Victoria COVID-19 increase of 317 cases isn’t ‘too concerning’

Victoria COVID-19 increase of 317 cases isn’t ‘too concerning’

Victorians might be alarmed to hear today that 317 new cases of COVID-19 were recorded in the last 24 hours.

It’s the single highest day-to-day increase for the state since the pandemic began.

Health Minister Jenny Mikakos labelled it a “very concerning number” but a leading epidemiologist isn’t willing to go that far.

He says there was always going to be some fluctuation during Victoria’s second wave and that today’s numbers are not yet reflecting changes made during lockdown.

“I was expecting the Stage 3 restrictions to take one-to-two weeks to kick in, so I am not surprised or concerned at today’s number,” University of South Australia Professor Adrian Esterman told news.com.au.

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“The absolute level of daily new cases is not so important, since random fluctuations occur from day to day. It is the pattern that is more important.”

Metropolitan Melbourne and the Mitchell Shire re-entered Stage 3 stay-at-home restrictions

on July 8 and those affected will be locked down for at least another five weeks.

That means they can’t leave home unless it’s for medical care, food, exercise or work/study that can’t be done from home.

After a week of case number hovering around the high 200s, Premier Daniel Andrews called today’s figure “relatively stable”.

“We’re seeing relative stability to these numbers,” he told reporters.

“We have made the point with these stay at home restrictions only a week old, it will take some time to bring stability to the numbers and start to see a pattern where they are driven down.

“One of the key challenges beyond the fact this is wildly infectious … the life cycle of this virus means that actions you take today, the impacts of which are not clear or well known or understood or reflected in data for at least a week.

“And to be safe, really, two weeks’ time. That’s why this is a six-week stay at home lockdown. That’s three full life cycles of this virus.”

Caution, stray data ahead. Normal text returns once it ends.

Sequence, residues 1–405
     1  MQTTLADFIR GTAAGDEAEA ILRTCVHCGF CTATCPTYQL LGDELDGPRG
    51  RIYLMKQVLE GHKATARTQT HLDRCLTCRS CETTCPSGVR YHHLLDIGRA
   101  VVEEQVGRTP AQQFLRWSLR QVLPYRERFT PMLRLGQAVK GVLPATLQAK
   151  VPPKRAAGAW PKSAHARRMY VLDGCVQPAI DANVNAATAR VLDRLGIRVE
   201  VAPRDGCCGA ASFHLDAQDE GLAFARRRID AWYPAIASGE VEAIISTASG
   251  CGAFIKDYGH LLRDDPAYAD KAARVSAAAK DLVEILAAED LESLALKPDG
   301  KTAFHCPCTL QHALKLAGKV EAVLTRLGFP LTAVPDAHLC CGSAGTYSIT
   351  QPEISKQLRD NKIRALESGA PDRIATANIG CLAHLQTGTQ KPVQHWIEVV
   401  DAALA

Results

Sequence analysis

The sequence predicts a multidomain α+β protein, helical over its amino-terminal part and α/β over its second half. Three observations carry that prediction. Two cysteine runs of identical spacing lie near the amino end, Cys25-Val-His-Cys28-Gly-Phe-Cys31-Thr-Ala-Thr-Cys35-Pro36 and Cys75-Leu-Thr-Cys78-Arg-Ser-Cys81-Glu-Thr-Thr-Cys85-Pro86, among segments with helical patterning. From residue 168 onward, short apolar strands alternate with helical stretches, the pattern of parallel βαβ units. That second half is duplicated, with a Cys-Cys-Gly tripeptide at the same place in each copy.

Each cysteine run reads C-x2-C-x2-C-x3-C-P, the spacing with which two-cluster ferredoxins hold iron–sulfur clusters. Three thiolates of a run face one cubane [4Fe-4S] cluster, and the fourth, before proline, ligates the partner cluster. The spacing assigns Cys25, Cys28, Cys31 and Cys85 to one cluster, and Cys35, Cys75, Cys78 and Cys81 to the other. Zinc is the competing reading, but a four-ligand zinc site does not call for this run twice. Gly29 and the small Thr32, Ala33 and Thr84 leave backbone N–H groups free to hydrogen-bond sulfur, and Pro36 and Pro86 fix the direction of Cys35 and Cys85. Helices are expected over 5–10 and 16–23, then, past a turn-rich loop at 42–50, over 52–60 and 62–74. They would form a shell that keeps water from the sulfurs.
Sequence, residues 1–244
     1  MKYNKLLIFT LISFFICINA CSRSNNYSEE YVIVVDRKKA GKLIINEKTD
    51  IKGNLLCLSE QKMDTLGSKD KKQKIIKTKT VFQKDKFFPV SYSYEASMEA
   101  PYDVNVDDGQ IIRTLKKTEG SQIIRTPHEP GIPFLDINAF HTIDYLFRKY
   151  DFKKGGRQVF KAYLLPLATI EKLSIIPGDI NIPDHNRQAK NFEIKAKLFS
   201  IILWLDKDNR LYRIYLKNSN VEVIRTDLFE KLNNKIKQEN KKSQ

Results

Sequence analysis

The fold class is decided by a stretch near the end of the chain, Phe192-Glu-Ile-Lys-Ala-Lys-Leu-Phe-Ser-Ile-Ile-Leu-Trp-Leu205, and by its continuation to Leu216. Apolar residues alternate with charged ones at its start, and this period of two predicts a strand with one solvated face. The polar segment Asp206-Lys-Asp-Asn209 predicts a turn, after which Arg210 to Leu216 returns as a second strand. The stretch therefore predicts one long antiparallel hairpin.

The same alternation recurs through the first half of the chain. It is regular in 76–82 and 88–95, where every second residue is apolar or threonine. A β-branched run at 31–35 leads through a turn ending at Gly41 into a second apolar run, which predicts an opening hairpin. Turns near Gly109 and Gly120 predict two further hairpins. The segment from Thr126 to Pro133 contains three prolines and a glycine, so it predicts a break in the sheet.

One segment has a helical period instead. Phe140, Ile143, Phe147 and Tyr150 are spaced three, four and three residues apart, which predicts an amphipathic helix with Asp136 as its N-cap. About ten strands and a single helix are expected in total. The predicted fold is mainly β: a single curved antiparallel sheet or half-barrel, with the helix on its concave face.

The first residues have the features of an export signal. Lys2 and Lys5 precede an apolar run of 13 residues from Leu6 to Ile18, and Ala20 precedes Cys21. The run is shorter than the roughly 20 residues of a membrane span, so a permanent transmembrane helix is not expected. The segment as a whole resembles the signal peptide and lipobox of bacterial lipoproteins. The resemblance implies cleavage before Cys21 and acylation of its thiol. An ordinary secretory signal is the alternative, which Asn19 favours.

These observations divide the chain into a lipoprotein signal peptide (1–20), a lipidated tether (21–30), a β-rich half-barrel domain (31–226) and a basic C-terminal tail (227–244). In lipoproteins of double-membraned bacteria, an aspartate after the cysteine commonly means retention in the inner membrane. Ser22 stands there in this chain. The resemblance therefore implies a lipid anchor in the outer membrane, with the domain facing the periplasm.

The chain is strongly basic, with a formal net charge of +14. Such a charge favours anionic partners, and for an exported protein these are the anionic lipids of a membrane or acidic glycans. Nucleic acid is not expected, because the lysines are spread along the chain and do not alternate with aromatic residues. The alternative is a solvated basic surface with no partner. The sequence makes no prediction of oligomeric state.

Chief Health Officer Brett Sutton said Victoria’s second wave “may still not have hit our peak”.

“It’s a big number. It needs to turn around. In some ways, I expected it to turn around this week. But as I always said, it’s no guarantee. It’s upon all of us to be able to turn this number around.”

Of Thursday’s 317 new cases, 289 were from an unknown source. There were 238 new cases in Victoria on Wednesday, including 209 where the source of the transmission could not be immediately identified.

The Premier today urged Victorians to continue to do the right thing.

“I thank every Victorian who is following the rules,” Mr Andrews said. “That’s the vast majority. We continue to see a smaller number of people making choices, not only are they wrong, they’re not particularly smart.”

He said it was still too early to look at Stage 4 restrictions.

“Now, I know there’s been a lot of discussion, a lot written and said about possible Stage 4, there are no announcements to be made about that today,” the Premier said.

“That shouldn’t be read to mean there will be announcements made tomorrow. We plan for every single contingency. It’s well too early for us to be moving to a whole new stage. This is in the hands of every single Victorian, though.

“If you want to make that less likely, you want to get out of these sort of restrictions as fast as possible, then we all have to play our part and not rely on our doctors and nurses as the last line of ultimate defence against this virus, but instead acknowledge we’re the ones on the frontline.

“Every individual, every family, every local community, the choices we all make absolutely determine how many people get this virus, how it spreads, and how long those restrictions will be in place for.”

rohan.smith1@news.com.au | @ro_smith

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